It's not a good time to be a movie star. There are several ways a movie can become a big hit, and right now, the franchise is the most successful, with 3-D animation films not far behind. If you stick the right name on a movie, the actors in the movie don't really matter that much. To be fair, if the people making Harry Potter tried to replace Daniel Radcliffe, there would be hell to pay, but Daniel Radcliffe outside of the Harry Potter franchise is a completely unknown commodity. Likewise, people really didn't flock to see the latest Ed Asner film or Reese Witherspoon feature this year, they lined up to see Up! and Monsters Vs. Aliens.
Let's look at just ten years ago, 1999.
1 Phantom Menace ____$431 mil
2 The Sixth Sense _____$294 mil Bruce Willis, M. Night Shyamalan
3 Toy Story 2 ______$246 mil (animated)
4 Spy Who Shagged Me $206 mil Mike Myers
5 The Matrix ______$171 mil Keanu Reeves
6 Tarzan _________$171 mil (animated)
7 Big Daddy _______$163 mil Adam Sandler
8 The Mummy _____$155 mil Brendan Fraser
9 Runaway Bride ____$152 mil Julia Roberts
10 Blair Witch Project ___$141 mil
Of the top ten, there are four movies marked in red that made big money because of the stars or in the case of The Sixth Sense, turned the director into a star. The Matrix became a franchise and Keanu Reeves has had some limited success in films outside that franchise, and the same can be said of The Mummy with Brendan Fraser. Only two animated films on the list, one of which was regular 2-D animation, and this list is completed by that unrepeatable anomaly The Blair Witch Project.
Here's the list for 2009 with about two weeks left.
1 Transformers 2 ___$402 mil Shia Labeouf
2 Harry Potter 6 _____$302 mil
3 Up __________$293 mil (animated)
4 The Hangover ____$277 mil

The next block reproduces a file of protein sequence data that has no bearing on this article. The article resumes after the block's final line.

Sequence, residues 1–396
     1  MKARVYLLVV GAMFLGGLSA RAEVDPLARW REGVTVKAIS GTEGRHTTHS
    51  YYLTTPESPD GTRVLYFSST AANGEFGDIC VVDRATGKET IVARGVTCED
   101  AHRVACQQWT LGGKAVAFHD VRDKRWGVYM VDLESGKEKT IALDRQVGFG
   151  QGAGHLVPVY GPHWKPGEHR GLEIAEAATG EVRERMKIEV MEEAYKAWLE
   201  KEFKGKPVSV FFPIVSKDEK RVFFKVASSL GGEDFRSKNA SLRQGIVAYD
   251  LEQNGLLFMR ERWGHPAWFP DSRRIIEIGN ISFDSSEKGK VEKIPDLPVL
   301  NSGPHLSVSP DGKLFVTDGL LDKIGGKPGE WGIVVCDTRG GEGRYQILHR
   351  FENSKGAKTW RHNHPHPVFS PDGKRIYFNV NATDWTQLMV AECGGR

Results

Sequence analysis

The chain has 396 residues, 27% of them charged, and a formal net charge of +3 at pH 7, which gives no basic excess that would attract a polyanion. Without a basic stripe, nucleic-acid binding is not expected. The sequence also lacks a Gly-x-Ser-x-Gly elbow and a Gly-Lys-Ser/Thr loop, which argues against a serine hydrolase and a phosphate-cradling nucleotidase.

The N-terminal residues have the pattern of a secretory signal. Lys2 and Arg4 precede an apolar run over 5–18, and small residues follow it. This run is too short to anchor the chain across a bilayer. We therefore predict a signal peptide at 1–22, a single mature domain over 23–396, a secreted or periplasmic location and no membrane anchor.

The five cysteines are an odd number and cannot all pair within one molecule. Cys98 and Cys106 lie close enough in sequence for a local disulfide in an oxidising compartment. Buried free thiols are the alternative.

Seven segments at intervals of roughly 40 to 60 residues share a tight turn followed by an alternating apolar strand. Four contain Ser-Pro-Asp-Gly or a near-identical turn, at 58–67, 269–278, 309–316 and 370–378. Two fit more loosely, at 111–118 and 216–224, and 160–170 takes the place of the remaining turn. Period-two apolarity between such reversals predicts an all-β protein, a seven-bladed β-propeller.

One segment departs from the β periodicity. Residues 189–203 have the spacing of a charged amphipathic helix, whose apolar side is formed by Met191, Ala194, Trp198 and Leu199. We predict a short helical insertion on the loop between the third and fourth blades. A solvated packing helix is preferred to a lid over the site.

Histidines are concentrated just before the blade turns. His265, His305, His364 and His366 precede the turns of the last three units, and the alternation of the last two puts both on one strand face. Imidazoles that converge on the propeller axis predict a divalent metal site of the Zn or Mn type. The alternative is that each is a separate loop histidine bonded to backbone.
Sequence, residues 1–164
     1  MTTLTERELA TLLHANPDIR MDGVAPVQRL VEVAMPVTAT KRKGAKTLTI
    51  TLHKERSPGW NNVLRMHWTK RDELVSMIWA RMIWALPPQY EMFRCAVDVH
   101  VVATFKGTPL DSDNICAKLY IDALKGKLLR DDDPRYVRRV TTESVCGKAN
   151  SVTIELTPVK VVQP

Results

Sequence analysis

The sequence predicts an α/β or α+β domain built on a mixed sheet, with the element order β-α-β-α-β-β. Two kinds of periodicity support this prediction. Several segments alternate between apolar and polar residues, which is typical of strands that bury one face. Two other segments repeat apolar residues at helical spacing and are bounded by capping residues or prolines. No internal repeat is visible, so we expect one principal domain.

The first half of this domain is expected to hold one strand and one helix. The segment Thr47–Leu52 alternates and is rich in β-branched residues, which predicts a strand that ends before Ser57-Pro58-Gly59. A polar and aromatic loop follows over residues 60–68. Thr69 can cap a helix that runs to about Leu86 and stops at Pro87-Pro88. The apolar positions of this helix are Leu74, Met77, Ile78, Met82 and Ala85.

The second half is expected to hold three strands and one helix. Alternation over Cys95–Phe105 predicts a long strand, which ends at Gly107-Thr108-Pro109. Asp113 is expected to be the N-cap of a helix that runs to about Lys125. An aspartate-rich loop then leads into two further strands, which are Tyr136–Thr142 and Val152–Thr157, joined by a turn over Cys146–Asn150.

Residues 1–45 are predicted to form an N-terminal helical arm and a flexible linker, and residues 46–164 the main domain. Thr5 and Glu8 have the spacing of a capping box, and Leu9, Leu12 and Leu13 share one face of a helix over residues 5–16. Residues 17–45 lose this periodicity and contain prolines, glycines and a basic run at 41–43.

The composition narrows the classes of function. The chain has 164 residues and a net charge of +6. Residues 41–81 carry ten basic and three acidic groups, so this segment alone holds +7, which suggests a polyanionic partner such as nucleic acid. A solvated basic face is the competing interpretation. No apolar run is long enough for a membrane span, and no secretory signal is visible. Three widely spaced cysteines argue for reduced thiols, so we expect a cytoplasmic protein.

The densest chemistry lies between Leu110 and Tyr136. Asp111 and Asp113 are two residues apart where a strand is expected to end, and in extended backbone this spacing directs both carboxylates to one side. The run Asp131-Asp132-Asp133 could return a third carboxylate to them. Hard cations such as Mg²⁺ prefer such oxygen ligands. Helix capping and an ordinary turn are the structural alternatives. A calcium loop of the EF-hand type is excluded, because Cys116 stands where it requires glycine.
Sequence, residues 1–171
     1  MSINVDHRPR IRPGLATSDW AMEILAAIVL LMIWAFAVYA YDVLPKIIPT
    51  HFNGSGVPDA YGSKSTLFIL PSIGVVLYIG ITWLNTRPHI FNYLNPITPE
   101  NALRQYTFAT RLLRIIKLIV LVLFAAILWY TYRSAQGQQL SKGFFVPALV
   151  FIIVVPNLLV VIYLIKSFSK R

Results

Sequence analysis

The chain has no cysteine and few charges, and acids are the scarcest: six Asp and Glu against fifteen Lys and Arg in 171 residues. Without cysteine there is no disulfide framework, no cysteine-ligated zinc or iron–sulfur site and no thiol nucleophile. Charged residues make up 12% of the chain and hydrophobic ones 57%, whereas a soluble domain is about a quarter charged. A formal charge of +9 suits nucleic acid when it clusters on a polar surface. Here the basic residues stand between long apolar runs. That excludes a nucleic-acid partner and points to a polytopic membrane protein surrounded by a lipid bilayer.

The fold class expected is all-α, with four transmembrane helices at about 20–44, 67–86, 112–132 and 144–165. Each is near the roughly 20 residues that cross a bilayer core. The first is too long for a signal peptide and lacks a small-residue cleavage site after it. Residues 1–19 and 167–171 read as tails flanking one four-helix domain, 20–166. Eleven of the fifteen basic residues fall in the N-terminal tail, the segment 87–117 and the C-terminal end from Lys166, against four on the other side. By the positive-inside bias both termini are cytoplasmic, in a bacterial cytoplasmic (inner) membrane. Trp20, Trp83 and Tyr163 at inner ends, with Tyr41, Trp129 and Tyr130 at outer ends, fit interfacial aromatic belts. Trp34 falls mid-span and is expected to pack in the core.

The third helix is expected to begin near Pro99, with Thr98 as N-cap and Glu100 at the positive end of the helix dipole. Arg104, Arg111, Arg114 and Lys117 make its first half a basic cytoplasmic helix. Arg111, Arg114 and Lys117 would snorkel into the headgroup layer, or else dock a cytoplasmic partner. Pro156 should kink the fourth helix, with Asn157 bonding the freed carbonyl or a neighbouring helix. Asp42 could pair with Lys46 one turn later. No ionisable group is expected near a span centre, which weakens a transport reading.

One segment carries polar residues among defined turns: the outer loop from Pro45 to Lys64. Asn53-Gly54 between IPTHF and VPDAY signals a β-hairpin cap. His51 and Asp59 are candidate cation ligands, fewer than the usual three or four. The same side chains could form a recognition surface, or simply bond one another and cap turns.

5 Twilight: New Moon _$267 mil
6 Star Trek _______$258 mil
7 Monsters Vs. Aliens _$198 mil (animated)
8 Ice Age 3 _______$197 mil (animated)
9 X-Men 4: Wolverine _$180 mil Hugh Jackman
10 Night at the Museum 2 $177 mil Ben Stiller
Clearly, all three movies marked in blue or red are parts of franchises, but the actors listed after the money have been in other big hits outside of these franchises. The only non-franchise (so far) is The Hangover, the most successful R-rated comedy of the year. None of the actors there are big stars yet.
I am going to make the arguments for and against Shia LaBeouf, Hugh Jackman and Ben Stiller being the biggest stars this year, and then make the argument for the person I think is the actual winner of this year's crown.
Is Shia LaBeouf a movie star? Not only was he the highest billed human in the Transformers movies, he was also in the latest and hopefully last Indiana Jones film. All of these were huge successes, but clearly sold on the franchise name. His best non-franchise outing so far was Eagle Eye, which made barely over $100 million. While I haven't seen any of his films yet, he is connecting with the younger audience.
Is Hugh Jackman a movie star when he doesn't have the claws? They let him host the Oscars and he isn't a comedian, so somebody thinks he is. His best commercial outing outside the X-Men so far has been Kate and Leopold. Even with bombs like Australia, Hugh Jackman is still going to get the chance to star in major features for some time to come.
Ben Stiller is a movie star, without question. Of the people mentioned from the top ten, he has the most live action movies in his career that have grossed over $100 million. It can be argued that he is the comic actor whose career is on the rise, surpassing Jim Carrey and Will Farrell, and in a few years he may overtake the career success of Adam Sandler as a box office star. Of all the actors mentioned, Stiller is the only one who doesn't give me hives.
But the box office champion for 2009 so far doesn't have a film in the top ten. Instead, Sandra Bullock has two films that are just outside the top ten, both grossing over $150 million, The Proposal and The Blind Side. One is a comedy and the other a sports tearjerker. This is a major comeback for Ms. Bullock, whose last live action movie over $100 million was Miss Congeniality in 2000.
While this bodes well for Ms. Bullock, you have to wonder how it bodes for the movie industry as a whole. In 1999, there were three top ten movies that weren't about special effects, and a fourth, The Spy Who Shagged Me, where the special effects were not the main ingredient. In 2009, that number is down to one. Only The Hangover is not a special effects film. As capitalism becomes about not just making money but making the most money possible, one has to wonder how many people will be making films for $20 to $30 million hoping to see $150 million at the box office and how many will be spending $100 to $150 million hoping for the $400 million blockbuster.
This blog is still alive, just in semi-hibernation.
When I want to write something longer than a tweet about something other than math or sci-fi, here is where I'll write it.